Oil prices weaken as Libya restarts output from its biggest field
Markets are also factoring in the return of Iranian barrels if Joe Biden, the Democratic candidate, becomes the next US President
Oil prices remained flat during the opening session on Monday as markets braced for the return of Libyan crude.
The North African country’s biggest oilfield, El Sharara, resumed production after a force majeure of about 10 months that halted exports amid political clashes in the country.
The possible return of Libyan barrels comes at a time when Opec+, the producer alliance led by Saudi Arabia and Russia, has been gradually increasing output.
The group, which undertook a historic correction in output earlier this year, is currently cutting back 7.7 million barrels per day.
Libya, which has so far been exempt from the pact, and Iran and Venezuela could possibly derail efforts by the group to drain the excess supply from the market.
Brent, the international oil benchmark, fell by 3.08 per cent to trade at $41.53 per barrel at 8.55pm UAE time.
West Texas Intermediate, the key gauge for US crude, was down 3.33 per cent at $39.25 per barrel.
“Benchmark crude futures pared some of their late-week gains by Friday settlement, with early trading on Monday [registering] further weakening so far,” JBC Energy said in a note yesterday.
“Strikes in Norway have come to a conclusion, after having threatened significant cuts to the country’s oil and gas supply, while Libya’s NOC [National Oil Corporation] lifted the force majeure from the Sharara oilfield on Sunday.”
The strike in Norway, which affected about a quarter of the country’s oil output, was resolved after an agreement with workers was reached.
Production from the Nordic state is also set to mount significant downward pressure on prices.
Markets are also factoring in the return of Iranian crude as the chances of US Democratic candidate Joe Biden winning the presidential election, which is a few weeks away, increase.
A win by Mr Biden is expected to improve prospects for the lifting of sanctions against Iran, according to some analysts.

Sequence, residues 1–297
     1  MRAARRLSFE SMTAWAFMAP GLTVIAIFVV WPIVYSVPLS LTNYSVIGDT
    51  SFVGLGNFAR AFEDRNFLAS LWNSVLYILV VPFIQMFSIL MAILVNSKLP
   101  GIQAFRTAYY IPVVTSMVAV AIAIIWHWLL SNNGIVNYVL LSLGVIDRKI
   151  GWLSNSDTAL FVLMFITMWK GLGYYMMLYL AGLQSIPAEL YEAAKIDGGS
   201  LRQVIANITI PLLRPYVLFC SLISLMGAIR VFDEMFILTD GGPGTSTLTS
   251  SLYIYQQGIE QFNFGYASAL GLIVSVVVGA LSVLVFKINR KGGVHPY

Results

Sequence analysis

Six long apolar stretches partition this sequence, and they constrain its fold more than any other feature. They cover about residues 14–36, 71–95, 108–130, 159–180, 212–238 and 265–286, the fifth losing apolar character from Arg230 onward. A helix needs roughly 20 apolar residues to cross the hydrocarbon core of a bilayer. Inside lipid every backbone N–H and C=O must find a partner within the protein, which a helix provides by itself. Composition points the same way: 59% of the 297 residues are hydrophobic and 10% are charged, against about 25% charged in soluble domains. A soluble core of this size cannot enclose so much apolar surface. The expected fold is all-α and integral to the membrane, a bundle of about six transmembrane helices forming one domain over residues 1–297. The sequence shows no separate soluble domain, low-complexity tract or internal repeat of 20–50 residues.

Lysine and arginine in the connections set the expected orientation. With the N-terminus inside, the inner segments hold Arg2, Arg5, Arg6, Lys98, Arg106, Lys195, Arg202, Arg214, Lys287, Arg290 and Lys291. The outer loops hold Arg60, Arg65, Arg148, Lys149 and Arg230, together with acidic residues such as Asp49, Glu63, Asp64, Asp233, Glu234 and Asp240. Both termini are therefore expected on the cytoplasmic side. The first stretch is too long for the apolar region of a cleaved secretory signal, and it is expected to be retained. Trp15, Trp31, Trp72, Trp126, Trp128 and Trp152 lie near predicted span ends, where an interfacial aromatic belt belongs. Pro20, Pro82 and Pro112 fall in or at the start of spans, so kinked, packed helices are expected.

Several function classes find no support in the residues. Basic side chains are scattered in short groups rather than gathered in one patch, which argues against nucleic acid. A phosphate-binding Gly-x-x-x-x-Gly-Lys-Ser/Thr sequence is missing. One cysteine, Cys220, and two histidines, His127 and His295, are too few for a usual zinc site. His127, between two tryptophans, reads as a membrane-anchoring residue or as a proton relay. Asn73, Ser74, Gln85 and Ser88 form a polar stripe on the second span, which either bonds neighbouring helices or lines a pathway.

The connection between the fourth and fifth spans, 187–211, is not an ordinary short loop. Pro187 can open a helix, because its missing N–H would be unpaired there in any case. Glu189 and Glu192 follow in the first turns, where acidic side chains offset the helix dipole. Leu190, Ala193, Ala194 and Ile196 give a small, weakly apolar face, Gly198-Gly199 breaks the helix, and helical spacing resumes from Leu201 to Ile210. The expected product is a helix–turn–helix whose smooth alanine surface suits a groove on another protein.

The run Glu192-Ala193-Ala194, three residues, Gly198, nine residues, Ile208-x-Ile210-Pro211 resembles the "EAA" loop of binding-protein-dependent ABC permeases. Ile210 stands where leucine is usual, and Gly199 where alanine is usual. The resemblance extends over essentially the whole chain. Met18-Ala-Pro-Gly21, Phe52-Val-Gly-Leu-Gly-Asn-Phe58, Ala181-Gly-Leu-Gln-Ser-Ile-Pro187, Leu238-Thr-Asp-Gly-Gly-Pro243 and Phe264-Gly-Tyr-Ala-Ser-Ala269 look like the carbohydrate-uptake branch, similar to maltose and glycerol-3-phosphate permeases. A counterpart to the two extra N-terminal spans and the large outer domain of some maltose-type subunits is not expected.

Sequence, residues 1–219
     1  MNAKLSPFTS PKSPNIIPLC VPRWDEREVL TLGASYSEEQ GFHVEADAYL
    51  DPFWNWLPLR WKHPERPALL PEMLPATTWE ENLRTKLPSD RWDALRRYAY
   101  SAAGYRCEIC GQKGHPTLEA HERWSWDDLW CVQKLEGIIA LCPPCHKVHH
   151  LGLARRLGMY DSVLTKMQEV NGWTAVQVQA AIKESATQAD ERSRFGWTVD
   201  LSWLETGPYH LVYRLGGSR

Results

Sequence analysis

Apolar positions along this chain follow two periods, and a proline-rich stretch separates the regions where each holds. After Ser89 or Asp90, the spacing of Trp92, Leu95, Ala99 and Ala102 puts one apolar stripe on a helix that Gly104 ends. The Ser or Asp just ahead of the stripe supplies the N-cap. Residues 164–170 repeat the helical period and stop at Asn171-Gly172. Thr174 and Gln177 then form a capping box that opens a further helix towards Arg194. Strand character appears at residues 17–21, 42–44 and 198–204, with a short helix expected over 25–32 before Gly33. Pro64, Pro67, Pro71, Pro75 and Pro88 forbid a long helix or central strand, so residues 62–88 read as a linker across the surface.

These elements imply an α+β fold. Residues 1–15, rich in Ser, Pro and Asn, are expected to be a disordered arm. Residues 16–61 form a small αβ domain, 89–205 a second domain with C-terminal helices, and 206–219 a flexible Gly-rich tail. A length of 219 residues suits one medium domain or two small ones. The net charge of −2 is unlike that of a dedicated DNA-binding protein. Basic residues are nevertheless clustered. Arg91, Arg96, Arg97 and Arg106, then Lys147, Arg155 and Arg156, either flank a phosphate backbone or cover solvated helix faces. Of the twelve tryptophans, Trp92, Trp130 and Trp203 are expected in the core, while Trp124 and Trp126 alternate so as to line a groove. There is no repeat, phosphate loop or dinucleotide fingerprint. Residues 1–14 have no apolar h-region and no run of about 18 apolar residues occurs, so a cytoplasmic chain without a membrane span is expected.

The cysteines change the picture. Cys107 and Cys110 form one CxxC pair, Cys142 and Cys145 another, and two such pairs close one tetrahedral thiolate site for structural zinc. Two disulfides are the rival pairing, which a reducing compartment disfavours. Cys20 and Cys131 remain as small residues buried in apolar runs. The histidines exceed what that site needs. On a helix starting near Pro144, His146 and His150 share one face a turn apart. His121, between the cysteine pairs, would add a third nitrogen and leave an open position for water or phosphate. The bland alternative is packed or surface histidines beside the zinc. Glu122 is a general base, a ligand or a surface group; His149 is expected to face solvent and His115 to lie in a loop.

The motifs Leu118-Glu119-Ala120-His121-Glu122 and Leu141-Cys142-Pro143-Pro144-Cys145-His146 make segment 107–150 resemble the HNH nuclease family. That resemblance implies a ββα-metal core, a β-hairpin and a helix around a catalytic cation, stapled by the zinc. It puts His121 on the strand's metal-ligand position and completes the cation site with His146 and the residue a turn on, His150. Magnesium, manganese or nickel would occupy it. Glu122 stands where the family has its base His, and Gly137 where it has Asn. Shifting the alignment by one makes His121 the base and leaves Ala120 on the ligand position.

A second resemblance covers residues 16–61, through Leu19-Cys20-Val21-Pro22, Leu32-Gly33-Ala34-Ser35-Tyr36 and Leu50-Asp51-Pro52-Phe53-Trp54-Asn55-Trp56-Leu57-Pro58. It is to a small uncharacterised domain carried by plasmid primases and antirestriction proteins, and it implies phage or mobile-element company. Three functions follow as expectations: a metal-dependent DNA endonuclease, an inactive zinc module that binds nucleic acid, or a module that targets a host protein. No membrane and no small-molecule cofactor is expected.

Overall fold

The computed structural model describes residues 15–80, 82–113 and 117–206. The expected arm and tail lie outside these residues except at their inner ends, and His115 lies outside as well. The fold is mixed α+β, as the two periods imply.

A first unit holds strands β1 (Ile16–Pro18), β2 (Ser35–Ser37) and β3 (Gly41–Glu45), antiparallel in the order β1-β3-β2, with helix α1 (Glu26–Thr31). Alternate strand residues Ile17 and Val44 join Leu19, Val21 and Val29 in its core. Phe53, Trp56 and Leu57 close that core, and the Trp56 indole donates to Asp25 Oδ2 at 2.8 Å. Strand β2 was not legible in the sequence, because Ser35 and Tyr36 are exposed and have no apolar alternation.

Mr Biden was vice president in the Obama administration which spearheaded the Iran nuclear deal, known as the Joint Comprehensive Plan of Action.
Jasper Lawler, head of research at the London Capital Group, said there is a chance that Mr Biden would revive the Iran nuclear deal.
“That would lift sanctions on the country and allow Iran to export its oil to many more countries, which would no longer face the wrath of the US,” he said.
“A sudden dearth of Iranian supply is bearish for oil prices under Biden, especially in the context of tepid demand during the pandemic.”
Oil demand remains weak, hurt by movement restrictions enforced across the world during the first half of the year.
Meanwhile, a second wave of Covid-19 cases threatens to hit recovering demand as the number of infections and deaths in major energy consuming countries such as the US and India rises.
There were more than 37.9 million infections around the world and more than 1.08 million deaths as of Monday, according to Worldometer.
The number of infections in the US was more than eight million, with India not far off at 7.1 million.
In its latest world oil outlook, Opec forecast that global demand for crude will hit 103.7 million bpd by 2025, exceeding levels reached before the virus began to spread.
Ed Bell, senior director of market economics at Emirates NBD, remained optimistic about an oil market recovery as early as next year.
“We see a recovery that is happening in demand, certainly from the absolute troughs that we saw across the second quarter of 2020 across many economies and the supply adjustments that we have seen taken by Opec+,” he told an S&P Platts conference.
The Dubai bank projects that Brent will trade at $50 a barrel next year.
However, Mr Bell expects the benchmark to hover between $40 and $50 for “quite some time”.
Updated: October 13, 2020 01:09 PM